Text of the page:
Brazilians fire back at Blatter and say the country can put on a good show for the 2014 World Cup, despite construction delays.
Blatter said that work had started much too late.
Most of the focus on Brazil's delayed preparations has surrounded the new stadiums still under construction with only six months before competition begins.
Six of the 12 stadiums in Brazil missed the final deadline of December 31 which FIFA set for them to be completed and put at the disposal of organisers.
Pedro Trengrouse, a professor in sports management and marketing at the university Fundacao Getulio Vargas in Rio, said that Brazil has proven it can put on the "Cup of Cups" when it hosts the tournament again for the first time since 1950.
"Having organized the Confederations Cup with success is proof that we have the conditions to put on the best World Cup in the world. The World Cup in June, and its stadiums, will be ready in time to have them tested, It's not right to say that Brazil is the most behind of all World Cups because it isn't the truth. You can easily remember in South Africa that you couldn't play the Confederations Cup in the Cape Town stadium because the stadium wasn't ready. This was the initial plan," Trengrouse said.
Three construction workers died during stadium constructions late last year. One worker fell from the roof of the Arena Amazonia in the jungle city of Manaus in December; the two others were killed in November when a crane collapsed and destroyed parts of Sao Paulo's Arena Corinthians, which is expected to host the opening game on June 12 this summer.
On New Year's Eve, local World Cup organizers in the northeastern city of Natal turned on the lights at the Arena das Dunas stadium to symbolize the venue's completion. But, it will not be officially inaugurated until the end of January.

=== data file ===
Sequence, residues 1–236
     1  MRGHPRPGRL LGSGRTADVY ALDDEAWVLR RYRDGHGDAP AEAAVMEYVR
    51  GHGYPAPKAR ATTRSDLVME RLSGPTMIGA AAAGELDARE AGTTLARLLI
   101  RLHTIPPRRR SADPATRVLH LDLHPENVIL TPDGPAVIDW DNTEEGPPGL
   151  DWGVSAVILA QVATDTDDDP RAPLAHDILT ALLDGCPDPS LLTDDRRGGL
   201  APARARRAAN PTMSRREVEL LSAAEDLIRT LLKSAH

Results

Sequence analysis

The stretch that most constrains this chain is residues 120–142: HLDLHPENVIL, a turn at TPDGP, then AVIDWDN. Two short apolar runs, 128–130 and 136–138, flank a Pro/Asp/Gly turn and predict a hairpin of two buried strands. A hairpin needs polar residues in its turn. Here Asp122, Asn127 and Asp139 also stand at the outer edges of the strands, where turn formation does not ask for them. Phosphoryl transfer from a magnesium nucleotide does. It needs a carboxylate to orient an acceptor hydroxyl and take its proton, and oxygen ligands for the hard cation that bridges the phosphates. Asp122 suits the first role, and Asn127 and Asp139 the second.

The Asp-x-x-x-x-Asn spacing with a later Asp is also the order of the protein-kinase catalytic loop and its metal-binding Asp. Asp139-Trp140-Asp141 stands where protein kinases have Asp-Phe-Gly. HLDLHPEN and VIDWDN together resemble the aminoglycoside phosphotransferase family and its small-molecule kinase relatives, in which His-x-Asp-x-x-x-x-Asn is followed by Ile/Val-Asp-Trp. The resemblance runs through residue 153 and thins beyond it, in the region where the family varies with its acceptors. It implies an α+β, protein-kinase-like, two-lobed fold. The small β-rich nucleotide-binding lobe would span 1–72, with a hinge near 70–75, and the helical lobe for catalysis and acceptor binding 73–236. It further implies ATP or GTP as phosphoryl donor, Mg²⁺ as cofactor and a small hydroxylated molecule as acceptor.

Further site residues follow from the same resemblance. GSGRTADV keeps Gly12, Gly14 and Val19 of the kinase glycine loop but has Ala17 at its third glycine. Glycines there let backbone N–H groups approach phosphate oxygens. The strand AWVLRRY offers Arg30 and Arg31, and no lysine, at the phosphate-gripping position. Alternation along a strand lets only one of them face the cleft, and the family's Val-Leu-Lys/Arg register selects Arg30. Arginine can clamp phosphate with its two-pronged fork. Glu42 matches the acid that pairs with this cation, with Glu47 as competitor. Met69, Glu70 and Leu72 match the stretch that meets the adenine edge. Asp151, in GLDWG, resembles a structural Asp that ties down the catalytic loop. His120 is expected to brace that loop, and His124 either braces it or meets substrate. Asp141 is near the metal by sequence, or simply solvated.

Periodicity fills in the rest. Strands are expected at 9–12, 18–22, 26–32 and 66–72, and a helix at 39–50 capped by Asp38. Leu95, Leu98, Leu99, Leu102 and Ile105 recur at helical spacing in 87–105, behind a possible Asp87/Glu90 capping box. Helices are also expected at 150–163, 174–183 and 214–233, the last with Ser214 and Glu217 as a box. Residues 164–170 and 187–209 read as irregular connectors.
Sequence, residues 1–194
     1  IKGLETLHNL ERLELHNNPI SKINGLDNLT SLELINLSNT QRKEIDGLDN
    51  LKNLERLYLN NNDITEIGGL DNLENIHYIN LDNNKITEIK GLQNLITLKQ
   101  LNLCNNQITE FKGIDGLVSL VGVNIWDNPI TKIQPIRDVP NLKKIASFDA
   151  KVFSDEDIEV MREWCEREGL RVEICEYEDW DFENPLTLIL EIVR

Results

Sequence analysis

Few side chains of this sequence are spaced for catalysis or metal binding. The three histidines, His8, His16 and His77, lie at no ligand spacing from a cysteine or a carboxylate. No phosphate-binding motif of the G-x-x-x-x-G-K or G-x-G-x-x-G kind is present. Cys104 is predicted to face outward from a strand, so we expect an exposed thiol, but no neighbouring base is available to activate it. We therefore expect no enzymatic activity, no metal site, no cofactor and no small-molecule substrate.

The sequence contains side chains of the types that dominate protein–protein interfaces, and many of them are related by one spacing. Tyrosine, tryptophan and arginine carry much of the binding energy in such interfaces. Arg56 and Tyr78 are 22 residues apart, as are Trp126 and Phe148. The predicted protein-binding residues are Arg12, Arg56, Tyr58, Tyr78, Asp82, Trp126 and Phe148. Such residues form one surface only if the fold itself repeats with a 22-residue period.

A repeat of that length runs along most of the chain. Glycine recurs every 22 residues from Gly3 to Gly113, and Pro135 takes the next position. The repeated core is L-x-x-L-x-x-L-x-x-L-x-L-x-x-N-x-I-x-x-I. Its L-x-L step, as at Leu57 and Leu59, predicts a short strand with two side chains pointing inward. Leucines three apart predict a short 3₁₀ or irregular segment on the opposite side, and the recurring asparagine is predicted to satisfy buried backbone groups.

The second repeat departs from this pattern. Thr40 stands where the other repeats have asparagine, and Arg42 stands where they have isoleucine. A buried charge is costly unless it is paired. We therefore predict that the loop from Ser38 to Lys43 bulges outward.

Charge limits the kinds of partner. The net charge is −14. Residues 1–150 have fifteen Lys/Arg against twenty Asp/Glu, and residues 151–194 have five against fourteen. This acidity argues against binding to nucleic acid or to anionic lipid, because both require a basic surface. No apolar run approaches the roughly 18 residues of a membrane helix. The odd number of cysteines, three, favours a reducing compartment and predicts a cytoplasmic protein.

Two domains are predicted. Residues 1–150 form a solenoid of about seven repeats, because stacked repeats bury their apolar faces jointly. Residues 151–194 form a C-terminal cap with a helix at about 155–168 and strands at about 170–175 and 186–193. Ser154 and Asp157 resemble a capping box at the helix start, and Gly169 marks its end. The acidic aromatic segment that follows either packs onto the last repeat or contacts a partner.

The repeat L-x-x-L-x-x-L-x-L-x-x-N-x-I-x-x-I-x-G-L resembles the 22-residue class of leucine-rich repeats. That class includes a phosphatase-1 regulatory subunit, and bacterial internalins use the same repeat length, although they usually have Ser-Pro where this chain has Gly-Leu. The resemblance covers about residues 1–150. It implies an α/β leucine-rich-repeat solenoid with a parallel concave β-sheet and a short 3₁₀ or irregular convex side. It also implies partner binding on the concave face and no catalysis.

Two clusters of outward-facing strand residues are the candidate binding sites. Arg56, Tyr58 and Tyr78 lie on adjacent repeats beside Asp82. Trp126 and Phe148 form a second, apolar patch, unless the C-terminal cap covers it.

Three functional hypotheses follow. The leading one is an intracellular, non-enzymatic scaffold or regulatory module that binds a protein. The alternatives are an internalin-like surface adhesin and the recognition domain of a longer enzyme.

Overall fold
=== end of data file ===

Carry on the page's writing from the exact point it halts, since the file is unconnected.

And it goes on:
Constricted by financing problems, the Arena da Baixada in the southern city of Curitiba is likely to be ready in March or early April.
"I think that in the end everything will be fine for the country (Brazil). The World Cup is going to be very good and it's going to bring a lot of people and opportunity to the country, infrastructure, jobs. I think it's excellent and I think everything will work out fine," Aires said.
Local merchant Jorge Silva said that there was a palpable nervousness when it came to the Cup.
"Is everything going to be fine? People are anxious and want to know if it is going to go alright or not. I for example think that the deal (getting stadiums ready) is kind of tight," Silva said.
Blatter has experience of nine World Cups, dating back to Argentina in 1978. He joined soccer's ruling body as a development officer in 1975 before becoming secretary general and then taking over as president in 1998.
The other nine South American countries had agreed to support Brazil as the only candidate in 2003, in effect giving them an additional four years to get ready.